Discussions on the mathematics of the cube

## Subgroups using basic moves

In QTM, the whole cube is generated using U,D,R,L,F,B moves.
If we drop some moves we end up with some subgroups. The subgroups are:
```1) I [the identity]
2) U
3) U,D
4) U,F
5) U,D,F
6) U,F,R
7) U,D,F,B
8) U,D,F,R
9) U,D,F,B,R
```

I know the depth table for subgroups 1) 2) 3) and 4):
The subgroup 1) generated by "no move", has the following obvious table:
```Moves Deep       arrangements (q only)

0                    1
------
1
```
The subgroup 2) generated only by the move U, has the following table:

## Symmetry Reduction of Coset Spaces

Having repeatedly shot myself in the foot by mishandling the symmetry reduction of coset spaces, I finally sat down, laid out the math and put together a set of notes on the matter. These notes follow.

Coset Spaces

Solving Rubik's cube either manually or by computer usually involves dealing with coset spaces. A group may be partitioned into cosets of a subgroup of the group:

```     g * SUB          where g is an element of the parent group and
SUB is a subgroup of the parent group```

## RUF Group Enumeration

I recently bought a new computer and wanted to put it through its paces. I dusted off my RUF three face coset solver and spruced it up a bit. Since I now have three iMacs in my household connected on an airport network, I rewrote the program using a server–client model. With this I can have all three computers working on a problem in parallel with as many as 14 cores. With these tools I have extended the enumeration of the three face group out to twenty q–turns:

```Three Face Enumerator Client

Fixed cubies in subgroup: UF, UR, UB, UL, DF, DR, FR, FL, BR.
92,897,280 cosets of size 1,837,080

Server Status:
Three Face Group Enumerator
Sequential coset iteration
Enumeration to depth: 20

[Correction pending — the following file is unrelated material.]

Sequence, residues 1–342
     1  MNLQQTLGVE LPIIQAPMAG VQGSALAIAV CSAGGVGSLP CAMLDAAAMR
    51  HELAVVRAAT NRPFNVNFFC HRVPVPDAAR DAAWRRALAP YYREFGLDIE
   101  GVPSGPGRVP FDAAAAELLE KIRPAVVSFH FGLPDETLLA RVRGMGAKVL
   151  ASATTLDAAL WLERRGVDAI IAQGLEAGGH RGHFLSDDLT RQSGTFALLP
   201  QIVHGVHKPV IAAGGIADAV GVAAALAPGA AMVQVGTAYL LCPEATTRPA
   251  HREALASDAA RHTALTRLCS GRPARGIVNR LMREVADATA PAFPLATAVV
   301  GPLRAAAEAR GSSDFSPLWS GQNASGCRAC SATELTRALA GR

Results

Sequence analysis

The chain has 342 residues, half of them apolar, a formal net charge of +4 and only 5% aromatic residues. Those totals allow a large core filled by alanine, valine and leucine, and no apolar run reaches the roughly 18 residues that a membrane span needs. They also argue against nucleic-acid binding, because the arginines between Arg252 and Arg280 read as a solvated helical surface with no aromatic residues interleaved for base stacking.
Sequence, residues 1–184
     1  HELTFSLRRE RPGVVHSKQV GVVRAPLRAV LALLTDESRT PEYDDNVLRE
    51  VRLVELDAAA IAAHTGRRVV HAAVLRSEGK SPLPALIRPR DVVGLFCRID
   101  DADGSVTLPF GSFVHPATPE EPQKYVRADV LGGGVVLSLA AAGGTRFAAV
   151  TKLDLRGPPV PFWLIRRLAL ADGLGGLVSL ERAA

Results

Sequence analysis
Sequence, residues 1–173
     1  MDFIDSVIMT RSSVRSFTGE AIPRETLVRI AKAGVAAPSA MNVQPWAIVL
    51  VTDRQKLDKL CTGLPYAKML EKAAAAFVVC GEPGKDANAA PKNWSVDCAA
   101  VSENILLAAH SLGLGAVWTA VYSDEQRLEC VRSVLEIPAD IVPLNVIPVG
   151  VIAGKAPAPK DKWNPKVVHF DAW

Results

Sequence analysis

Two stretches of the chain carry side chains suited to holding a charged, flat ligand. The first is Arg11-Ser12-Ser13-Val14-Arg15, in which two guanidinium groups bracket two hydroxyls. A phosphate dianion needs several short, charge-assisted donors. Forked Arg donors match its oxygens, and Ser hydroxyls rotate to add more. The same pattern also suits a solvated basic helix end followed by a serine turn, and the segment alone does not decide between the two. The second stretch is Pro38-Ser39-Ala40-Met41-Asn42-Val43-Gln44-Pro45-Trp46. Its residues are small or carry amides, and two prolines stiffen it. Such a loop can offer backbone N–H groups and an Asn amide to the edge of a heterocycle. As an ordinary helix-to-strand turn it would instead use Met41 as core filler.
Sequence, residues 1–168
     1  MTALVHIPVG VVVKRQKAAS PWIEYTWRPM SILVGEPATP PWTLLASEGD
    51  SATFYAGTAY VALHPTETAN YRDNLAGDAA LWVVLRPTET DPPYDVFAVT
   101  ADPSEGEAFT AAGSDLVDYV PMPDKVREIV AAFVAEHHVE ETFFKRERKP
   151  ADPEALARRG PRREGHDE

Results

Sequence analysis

Snapshot: Friday, February 22, 2013 9:28:02 PM Central Standard Time

Depth             Reduced             Elements
0                     1                    1
1                     1                    6
2                     4                   27
3                    12                  120
4                    51                  534
5                   213                2,376
6                   914               10,560
7                 4,038               46,920
8                17,639              208,296
9                78,234              923,586
10               344,175            4,091,739
11             1,524,115           18,115,506
12             6,722,358           80,156,049
13            29,739,437          354,422,371
14           131,158,304        1,565,753,405
15           578,971,538        6,908,670,589
16         2,546,820,524       30,422,422,304
17        11,174,670,698      133,437,351,006
18        48,528,827,222      579,929,251,620
19       205,901,170,504    2,459,821,160,421
20       814,027,054,726    9,731,195,124,049

Sum     1,082,927,104,708   12,943,737,711,485

92,897,280 of 92,897,280 cosets solved```

## Back from the Brink

Well, the server had a hard drive failure and I decided that it was time for an operating system upgrade. Unfortunately in the last 9 years everything had changed, e.g. the new versions of php and drupal and mysql were all incompatible with the old versions, and in various ways.

You can imagine my horror when I realized just how much work would be involved in salvaging the forum and make it usable again. I thought all I could do is make the drupal mysql file available to the web and figure out a way of upgrading later.